Thermogravimetric Analysis of Polymethylmethacrylate and Polytetrafluoroethylene

  • James A. Currie
  • N. Pathmanand


Kinetics is of fundamental importance in the understanding of the mechanism of thermal decomposition of high polymers. Since most thermal decomposition reactions are associated with weight changes, thermogravimetry is being employed to a great degree in kinetic studies of polymer decomposition. Two approaches are commonly used to obtain the various kinetic Chapaumeters of these reactions. The static method or “isothermal thermogravimetry” produces precise weight loss curves for various single temperatures as a function of time. Thus the rate Chapaumeters are obtained directly. This method is inherently time consuming and the results are sometimes questionable due to experimental uncertainities arising from the initial thermal lag of the sample. More recently, “dynamic thermogravimetry” data has been used for kinetic studies. In these, a single weight loss curve obtained by means of programmed heating is used to provide information equivalent to an entire family of isothermal weight loss curves. The new approach is time saving, being able to cover a wide range of temperatures in a relatively short time. For this work the kinetics evaluation procedure by Freeman and Carroll1 and its extension by Anderson and Freeman2, is applied to dynamic thermogravimetric data in order to evaluate the rate Chapaumeters.


Activation Energy Heating Rate Thermal Decomposition Atmosphere Pressure Inert Atmosphere 
These keywords were added by machine and not by the authors. This process is experimental and the keywords may be updated as the learning algorithm improves.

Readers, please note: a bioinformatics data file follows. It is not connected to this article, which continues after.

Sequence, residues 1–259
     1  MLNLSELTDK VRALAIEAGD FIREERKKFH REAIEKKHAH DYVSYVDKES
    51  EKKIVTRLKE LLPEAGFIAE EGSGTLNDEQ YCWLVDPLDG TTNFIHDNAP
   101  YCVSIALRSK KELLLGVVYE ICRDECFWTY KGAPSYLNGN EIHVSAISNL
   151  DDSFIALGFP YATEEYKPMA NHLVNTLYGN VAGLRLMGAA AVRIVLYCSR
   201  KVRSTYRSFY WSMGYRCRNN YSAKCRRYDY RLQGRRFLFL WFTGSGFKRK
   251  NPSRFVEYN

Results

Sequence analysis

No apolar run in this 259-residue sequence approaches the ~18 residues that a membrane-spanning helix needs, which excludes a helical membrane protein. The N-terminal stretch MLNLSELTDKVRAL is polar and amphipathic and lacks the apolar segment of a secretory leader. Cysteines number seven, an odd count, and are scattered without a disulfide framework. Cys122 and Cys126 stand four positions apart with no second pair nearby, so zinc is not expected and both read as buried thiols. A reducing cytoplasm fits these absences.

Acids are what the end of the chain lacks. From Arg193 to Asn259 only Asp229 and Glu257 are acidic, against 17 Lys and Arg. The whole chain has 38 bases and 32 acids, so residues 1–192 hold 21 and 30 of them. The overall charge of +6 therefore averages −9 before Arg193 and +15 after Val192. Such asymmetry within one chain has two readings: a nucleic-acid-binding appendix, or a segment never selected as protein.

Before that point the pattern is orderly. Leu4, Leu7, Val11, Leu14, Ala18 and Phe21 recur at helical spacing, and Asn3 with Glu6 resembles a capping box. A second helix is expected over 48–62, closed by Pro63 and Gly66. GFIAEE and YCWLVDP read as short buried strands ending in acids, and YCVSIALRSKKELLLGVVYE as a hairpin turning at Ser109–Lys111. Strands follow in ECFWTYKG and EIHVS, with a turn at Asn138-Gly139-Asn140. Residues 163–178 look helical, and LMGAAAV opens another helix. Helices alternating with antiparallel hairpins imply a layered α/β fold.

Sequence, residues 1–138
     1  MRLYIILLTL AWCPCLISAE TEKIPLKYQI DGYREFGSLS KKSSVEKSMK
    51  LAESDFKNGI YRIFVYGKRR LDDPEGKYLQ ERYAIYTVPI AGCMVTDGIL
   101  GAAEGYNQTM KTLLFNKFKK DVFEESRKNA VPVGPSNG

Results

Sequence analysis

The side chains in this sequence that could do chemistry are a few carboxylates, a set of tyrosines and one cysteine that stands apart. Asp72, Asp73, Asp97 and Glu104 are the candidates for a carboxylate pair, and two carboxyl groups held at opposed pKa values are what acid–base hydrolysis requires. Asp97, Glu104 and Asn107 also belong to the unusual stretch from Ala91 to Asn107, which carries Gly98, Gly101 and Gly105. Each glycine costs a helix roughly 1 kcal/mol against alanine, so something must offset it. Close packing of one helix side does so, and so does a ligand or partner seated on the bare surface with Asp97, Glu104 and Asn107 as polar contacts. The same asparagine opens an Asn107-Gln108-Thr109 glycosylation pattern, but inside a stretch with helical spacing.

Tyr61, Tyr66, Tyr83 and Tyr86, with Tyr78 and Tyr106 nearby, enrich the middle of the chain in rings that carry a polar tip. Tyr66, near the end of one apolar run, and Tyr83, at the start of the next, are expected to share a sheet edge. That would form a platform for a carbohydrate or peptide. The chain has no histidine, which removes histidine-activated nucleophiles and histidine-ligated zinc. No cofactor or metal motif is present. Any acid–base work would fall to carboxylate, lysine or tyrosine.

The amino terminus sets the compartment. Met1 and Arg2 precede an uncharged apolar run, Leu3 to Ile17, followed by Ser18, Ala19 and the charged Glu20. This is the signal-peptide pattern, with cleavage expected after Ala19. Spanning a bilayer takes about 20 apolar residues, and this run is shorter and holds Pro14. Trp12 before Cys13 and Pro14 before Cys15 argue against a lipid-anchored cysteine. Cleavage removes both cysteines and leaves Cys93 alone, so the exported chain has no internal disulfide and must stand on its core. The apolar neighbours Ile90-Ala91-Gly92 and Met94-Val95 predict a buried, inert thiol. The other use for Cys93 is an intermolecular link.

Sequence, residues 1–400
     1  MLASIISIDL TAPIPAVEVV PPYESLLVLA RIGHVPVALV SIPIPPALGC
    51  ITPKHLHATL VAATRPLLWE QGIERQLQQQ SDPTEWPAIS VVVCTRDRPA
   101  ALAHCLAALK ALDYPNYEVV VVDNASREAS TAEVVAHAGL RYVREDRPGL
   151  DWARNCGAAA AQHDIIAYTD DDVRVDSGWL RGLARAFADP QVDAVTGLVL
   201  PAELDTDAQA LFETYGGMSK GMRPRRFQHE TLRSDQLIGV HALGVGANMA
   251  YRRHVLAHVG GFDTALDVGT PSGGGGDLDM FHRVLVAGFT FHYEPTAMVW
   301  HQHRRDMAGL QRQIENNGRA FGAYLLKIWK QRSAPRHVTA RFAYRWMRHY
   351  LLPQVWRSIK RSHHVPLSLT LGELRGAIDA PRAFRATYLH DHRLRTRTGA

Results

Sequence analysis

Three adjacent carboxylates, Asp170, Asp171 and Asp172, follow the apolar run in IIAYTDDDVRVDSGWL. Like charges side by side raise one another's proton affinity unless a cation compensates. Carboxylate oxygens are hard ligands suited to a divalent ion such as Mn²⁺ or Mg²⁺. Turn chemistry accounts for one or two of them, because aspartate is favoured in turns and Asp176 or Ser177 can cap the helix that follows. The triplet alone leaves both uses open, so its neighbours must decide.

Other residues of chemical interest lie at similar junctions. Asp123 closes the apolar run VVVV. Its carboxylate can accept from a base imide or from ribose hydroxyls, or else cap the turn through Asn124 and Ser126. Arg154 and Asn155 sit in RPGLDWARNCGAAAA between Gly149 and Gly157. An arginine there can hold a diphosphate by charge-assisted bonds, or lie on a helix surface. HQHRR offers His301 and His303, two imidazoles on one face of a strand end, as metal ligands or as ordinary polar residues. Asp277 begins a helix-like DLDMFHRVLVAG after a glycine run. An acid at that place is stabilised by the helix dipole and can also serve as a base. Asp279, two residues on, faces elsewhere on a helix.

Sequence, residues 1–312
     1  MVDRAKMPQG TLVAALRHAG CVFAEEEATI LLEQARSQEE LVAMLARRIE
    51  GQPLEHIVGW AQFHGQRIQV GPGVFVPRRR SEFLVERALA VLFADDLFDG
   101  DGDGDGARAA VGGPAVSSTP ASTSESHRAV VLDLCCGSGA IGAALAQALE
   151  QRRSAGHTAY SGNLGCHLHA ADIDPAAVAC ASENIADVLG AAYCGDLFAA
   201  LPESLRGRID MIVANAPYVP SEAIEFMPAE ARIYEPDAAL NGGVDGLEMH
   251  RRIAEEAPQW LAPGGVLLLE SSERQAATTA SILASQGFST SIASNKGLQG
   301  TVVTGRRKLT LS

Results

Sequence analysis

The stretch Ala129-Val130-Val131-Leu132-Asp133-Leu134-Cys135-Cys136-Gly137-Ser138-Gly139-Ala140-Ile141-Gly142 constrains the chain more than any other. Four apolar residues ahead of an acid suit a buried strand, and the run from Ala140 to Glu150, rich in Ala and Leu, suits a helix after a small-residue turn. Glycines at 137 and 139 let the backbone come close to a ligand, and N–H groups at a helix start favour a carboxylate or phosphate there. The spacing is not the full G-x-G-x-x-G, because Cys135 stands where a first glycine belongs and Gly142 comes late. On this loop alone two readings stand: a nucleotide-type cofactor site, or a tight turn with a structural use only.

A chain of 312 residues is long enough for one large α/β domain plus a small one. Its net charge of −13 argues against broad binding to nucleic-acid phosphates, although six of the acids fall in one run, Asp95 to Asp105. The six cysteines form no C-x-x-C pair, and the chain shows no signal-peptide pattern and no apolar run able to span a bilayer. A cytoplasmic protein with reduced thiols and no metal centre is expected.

Unable to display preview. Download preview PDF.

Unable to display preview. Download preview PDF.


  1. 1.
    Freeman E. S. and B. Carroll, J. Phys. Chem., 62, 394 (1958)CrossRefGoogle Scholar
  2. 2.
    Anderson D. A. and E. S. Freeman, J. Polymer Sci., 54, 253 (1961)CrossRefGoogle Scholar
  3. 3.
    Doyle C. D., J. Appl. Polymer Sci., 5, 285 (1961)CrossRefGoogle Scholar
  4. 4.
    Coats, A. W. and J. P. Redfern, Polymer Letters, 3, 917 (1965)CrossRefGoogle Scholar
  5. 5.
    Horowitz, H. H. and Metzger, Anal. Chem., 35, 1464 (1963)CrossRefGoogle Scholar
  6. 6.
    Reich, L. and Levi, D. W., Makromol Chemie., 66, 102 (1963)CrossRefGoogle Scholar
  7. 7.
    Flynn, J. H. and Wall, L. A., Polymer Letters, 4, 323 (1966)CrossRefGoogle Scholar
  8. 8.
    Freidman, H. L., J. Polymer Sci., C, 6, 183 (1965)CrossRefGoogle Scholar
  9. 9.
    Chatterjee, P. K., J. Polymer Sci., A, 3, 4253 (1965)Google Scholar
  10. 10.
    Reich, L., Lee, H. T. and Levi, D. W., Polymer Letters, 1, 535 (1963)CrossRefGoogle Scholar
  11. 11.
    Wall, L. A. and Michaelson, J. D., J. Res. N.B.S., 56, 27 (1956)Google Scholar
  12. 12.
    Duus, H. C., DuPont Co., presented at A.C.S., Sept., 1964, N. Y.Google Scholar
  13. 13.
    Madorsky, S. L., J. Polymer Sci., 11, 491 (1953)CrossRefGoogle Scholar
  14. 14.
    Bywater, S., J. Phys. Chem., 57, 879 (1953)CrossRefGoogle Scholar

Copyright information

© Springer Science+Business Media New York 1974

Authors and Affiliations

  • James A. Currie
    • 1
  • N. Pathmanand
    • 1
  1. 1.Villanova UniversityVillanovaUSA

Personalised recommendations